Vice President Dr Mahamudu Bawumia, Tuesday, called on African countries to institute legislative framework to address the incidents of maritime safety, security, plastic pollution and ocean governance in order to build resilient economies.
He expressed dismay that about eight million tonnes of plastics were dumped into the ocean annually, and cautioned that if urgent measures are not taken right now to address the phenomenon; by 2050 there would be more plastics in the ocean than aquatic life.
“Our national and continental strategies should take into consideration the environmental dimension of the blue economy so that we can together preserve our ecosystem,” Dr Bawumia emphasised.
The Vice President made the call in a speech read on his behalf by Mr Kwaku Ofori Asiamah, the Transport Minister, at the opening of the Sixth Women’s International Shipping and Trading Association (WISTA) Africa Conference in Accra.
He said government was instituting measures to ensure plastic waste management became integral part of the maritime environment and urged African nations to develop the necessary legislations to address maritime pollution.
The two-day conference is on the theme: “The Role of Women in Harnessing the Potential of Africa’s Blue Economy” attracted delegates and shipping councils from Ghana, Nigeria, Cameroon, Democratic Republic of Congo, South Africa, Central Africa Republic and Togo.
The event, which was graced by Mr Kitack Lim, the Secretary-General of the International Maritime Organisation, brought together women in the maritime transport, trading, logistics and management positions.
They would share knowledge, ideas and network towards developing an action plan that would aid in sustainable utilisation of the marine resources and ensure job creation.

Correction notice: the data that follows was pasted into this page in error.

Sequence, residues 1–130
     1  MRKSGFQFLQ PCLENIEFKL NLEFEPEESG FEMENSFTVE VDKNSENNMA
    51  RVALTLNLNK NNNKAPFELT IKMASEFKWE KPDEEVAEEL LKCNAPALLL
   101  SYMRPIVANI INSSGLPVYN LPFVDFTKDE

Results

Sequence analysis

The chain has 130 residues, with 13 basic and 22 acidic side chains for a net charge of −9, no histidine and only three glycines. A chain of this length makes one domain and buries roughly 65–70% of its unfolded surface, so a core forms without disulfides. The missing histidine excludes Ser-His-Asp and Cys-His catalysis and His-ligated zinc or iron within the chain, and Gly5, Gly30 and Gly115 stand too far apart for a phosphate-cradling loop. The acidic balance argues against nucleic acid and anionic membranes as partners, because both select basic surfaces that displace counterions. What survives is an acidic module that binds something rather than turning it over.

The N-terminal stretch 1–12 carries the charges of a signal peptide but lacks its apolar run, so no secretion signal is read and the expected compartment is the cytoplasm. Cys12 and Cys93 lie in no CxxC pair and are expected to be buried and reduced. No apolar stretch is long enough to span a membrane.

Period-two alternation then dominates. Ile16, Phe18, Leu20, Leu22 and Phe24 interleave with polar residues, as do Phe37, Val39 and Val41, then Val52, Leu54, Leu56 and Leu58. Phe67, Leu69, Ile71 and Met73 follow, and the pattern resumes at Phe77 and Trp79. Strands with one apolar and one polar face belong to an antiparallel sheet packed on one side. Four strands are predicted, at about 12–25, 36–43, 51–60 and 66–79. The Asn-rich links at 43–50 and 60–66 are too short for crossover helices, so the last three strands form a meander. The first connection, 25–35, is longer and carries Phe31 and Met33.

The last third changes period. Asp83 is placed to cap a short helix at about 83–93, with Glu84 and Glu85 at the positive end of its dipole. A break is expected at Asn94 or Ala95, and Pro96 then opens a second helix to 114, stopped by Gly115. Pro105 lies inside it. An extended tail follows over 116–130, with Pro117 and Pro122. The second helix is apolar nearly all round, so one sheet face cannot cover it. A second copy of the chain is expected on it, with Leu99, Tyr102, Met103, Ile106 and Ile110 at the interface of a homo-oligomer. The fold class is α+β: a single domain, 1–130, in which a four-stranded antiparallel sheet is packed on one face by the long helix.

The Vice President mentioned some reforms being implemented by the Government to enhance ports’ efficiency and ease of doing business, including the Single Window System, construction of four container berths and expansion of terminals at the Tema and Takoradi ports, to reduce revenue leakages and ensure faster turnaround time for goods and services.
He said maritime resources were pivotal towards Africa’s industrialisation agenda and diversification of her economies considering the 38 coastal countries on the Continent and, thus, called for sustainable utilisation to ensure collective development.
It is estimated that about 90 per cent of the import and export volumes in Africa are through maritime transport.
Vice President Bawumia reminded the gathering that the 2015 Maritime Strategy adopted by stakeholders examined maritime safety, infrastructural development and fisheries and aquaculture, while recognizing the need for countries to comply with the laws of the sea.
He was of the conviction that those measures were crucial towards accelerating socio-economic development and underlined the need to harness the maritime industry sub-sectors such as shipping, logistics, insurance, tourism, fishing and aquaculture to bolster the economies of Africa and to create jobs.
Dr Bawumia acknowledged the role and contributions of women in the sector over the years.
However, he bemoaned the low number of the female workforce, constituting only two per cent globally, and called for drastic measures to change the statistics by advancing women’s participation in the sector.
He said government was empowering women to play a critical role in the maritime sector and cited the appointment of Madam Sandra Opoku, the Director of Tema Port and Madam Benonita Bismarck, the Executive Director of the Ghana Shippers Authority, to decision-making positions as a case in point.
Mrs Jemilat Jawulaa Mahama, the President of WISTA-Ghana, in her welcome address, said the conference was a defining moment in Africa’s quest to industrialise and diversifying her economies through sustainable exploitation of natural resources.
She noted that the first global conference to discuss the “Blue Economy” (Ocean Resources) was held in September last year in Nairobi, Kenya, for sustainable use of the sea resources.
He explained that the ocean provided an avenue for ensuring food security of millions of people and survival of humanity with estimated an value of 1.5 trillion dollars, therefore it was prudent for global leaders, governments and individuals to recognize the essence of preserving the marine environment and maximise its potentials.
Some of the topics outlined for discussions include African Ports and Maritime Pollution Matters, Role of Trade Facilitation in Promoting Africa’s Intra Africa Trade, Securing the Blue Economy through and Effective Regulatory Enforcement Framework, Sustainable Fisheries and Aquaculture and Transport Logistics in Africa: Challenges and the Way Forward.
Source: GNA | Ghana